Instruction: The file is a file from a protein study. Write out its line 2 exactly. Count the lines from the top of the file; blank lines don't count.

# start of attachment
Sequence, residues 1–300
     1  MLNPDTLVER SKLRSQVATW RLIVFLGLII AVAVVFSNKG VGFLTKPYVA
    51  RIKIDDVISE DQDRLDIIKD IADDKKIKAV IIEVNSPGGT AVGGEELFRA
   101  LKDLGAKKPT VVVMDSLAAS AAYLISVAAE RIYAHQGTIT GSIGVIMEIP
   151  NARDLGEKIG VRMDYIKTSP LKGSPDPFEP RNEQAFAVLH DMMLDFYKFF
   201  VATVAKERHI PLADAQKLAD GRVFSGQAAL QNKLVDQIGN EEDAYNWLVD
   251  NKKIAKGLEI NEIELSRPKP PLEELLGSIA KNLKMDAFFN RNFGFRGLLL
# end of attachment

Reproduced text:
     1  MLNPDTLVER SKLRSQVATW RLIVFLGLII AVAVVFSNKG VGFLTKPYVA